The Texas Banking Department is preparing for a new crop of challenges now that federal farm supports are withering away.
The agency is educating examiners about the impact of the 1996 Farm Bill, which eliminates most federal farm supports over the next seven years and is urging them to scrutinize portfolios for danger signs.
The elimination of subsidies "is going to make the market more volatile," said Randall S. James, deputy commissioner of the state banking department. "It's that volatility that is going to raise some unknowns."
Texas, the second-largest agricultural state after California, is leading the way as regulators brace for a new farming environment. The elimination of subsidies means that examiners must be watchful that marginal producers aren't dragging down banks.
Indeed, while no one yet knows the full impact of the bill, Catherine Ghiglieri, commissioner of the banking department, is expecting the worst.
"I think it's going to have a negative effect on the farmers and the banks," Ms. Ghiglieri said in a recent interview. "Farmers will really have to do some soul-searching to see if they can remain in business."
The Texas agency has been educating examiners about the changes since last year, and in December it teamed up with the state Legislature and Texas A&M University to put on a conference dealing with the topic.
The agency also has been encouraging bankers to tell their customers to bone up on marketing strategies, Ms. Ghiglieri said.
The primary responsibility for watching credit quality-and, if necessary, kicking out marginal credits-lies with the banks, Mr. James said.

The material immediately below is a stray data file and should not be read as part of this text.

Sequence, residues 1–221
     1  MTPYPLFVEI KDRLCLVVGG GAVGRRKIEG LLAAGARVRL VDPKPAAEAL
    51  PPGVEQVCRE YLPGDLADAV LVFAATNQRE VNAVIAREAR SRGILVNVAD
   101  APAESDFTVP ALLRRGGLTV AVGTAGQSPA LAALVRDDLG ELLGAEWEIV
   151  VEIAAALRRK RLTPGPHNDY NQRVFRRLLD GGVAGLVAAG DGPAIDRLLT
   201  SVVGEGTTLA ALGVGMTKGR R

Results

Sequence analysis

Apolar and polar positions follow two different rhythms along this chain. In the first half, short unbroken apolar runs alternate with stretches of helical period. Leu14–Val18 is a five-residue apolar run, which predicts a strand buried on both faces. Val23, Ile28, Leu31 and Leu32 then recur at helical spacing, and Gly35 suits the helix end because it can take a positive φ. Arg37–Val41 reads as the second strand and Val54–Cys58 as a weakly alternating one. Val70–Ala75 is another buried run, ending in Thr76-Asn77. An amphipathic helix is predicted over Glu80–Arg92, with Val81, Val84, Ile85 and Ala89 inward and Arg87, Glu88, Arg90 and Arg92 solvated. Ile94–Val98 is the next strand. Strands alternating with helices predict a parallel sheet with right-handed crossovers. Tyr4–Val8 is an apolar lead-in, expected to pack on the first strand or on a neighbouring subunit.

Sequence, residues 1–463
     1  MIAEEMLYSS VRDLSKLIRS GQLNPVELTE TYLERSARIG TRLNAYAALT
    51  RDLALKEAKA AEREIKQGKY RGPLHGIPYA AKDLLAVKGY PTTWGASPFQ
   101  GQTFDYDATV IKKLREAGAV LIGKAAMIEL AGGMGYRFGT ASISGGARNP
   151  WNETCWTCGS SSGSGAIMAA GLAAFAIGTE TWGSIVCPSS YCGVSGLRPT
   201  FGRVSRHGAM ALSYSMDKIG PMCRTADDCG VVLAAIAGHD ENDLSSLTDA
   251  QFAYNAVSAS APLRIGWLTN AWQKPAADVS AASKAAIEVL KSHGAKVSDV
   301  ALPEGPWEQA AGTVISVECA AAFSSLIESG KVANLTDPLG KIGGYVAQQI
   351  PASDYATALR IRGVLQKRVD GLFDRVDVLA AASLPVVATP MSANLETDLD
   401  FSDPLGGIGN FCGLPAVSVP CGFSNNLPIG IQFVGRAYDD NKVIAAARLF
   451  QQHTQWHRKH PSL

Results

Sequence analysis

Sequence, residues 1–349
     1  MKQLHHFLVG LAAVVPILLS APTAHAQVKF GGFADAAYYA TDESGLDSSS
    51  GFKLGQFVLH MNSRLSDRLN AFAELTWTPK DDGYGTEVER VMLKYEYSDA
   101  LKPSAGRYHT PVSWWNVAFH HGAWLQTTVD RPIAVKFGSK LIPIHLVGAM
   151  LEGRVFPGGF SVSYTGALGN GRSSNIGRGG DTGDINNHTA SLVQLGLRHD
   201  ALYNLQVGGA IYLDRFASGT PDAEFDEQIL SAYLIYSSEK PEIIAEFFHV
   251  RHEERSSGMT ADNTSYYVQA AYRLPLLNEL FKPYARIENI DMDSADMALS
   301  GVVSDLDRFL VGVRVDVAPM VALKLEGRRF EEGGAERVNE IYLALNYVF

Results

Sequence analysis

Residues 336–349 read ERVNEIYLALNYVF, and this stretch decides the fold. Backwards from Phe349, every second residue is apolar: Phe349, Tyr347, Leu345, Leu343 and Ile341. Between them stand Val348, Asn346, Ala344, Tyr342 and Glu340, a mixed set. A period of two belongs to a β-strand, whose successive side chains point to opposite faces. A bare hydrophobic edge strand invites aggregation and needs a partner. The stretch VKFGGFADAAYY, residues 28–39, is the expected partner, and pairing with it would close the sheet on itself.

Mr. James said that most banks appear to understand what the Farm Bill will do. Indeed, it has been a hot topic at any gathering of agricultural bankers for the past year.
"At this point in time, we have been getting enough anecdotal information to think that bankers are pretty far along on this," he said.
But examiners also must keep an eye on the $4 billion in agriculture credits held by Texas banks in the third quarter of 1996.
For example, examiners will be looking for borrowers who are overly dependent on subsidies for income, Mr. James said. They also will watch out for farmers who are diversifying in response to the bill.
"If the farmers start changing which crops they usually deal with, that's going to start raising some questions," Mr. James said.
Outside Texas, federal and state regulators are making sure their examiners are aware of the changes the bill will enact.
The Office of the Comptroller of the Currency is overhauling its guidelines for examining agriculture credits, a spokesman said.
The California state regulator is educating its examiners as well, said David Scott, chief state bank examiner.
"It's something our examiners have been made aware of," Mr. Scott said.
Mr. Scott said he has already seen one effect of the Farm Bill: small banks pulling out of agriculture lending.
"We've seen a lot of banks decide that this is not a business they want to be in anymore," he said. "Some are pulling back."
Mr. James said that if state banking regulators haven't taken a hard look at the bill yet, they should start.
"You can't completely sit back," he said. "You got to get into it early."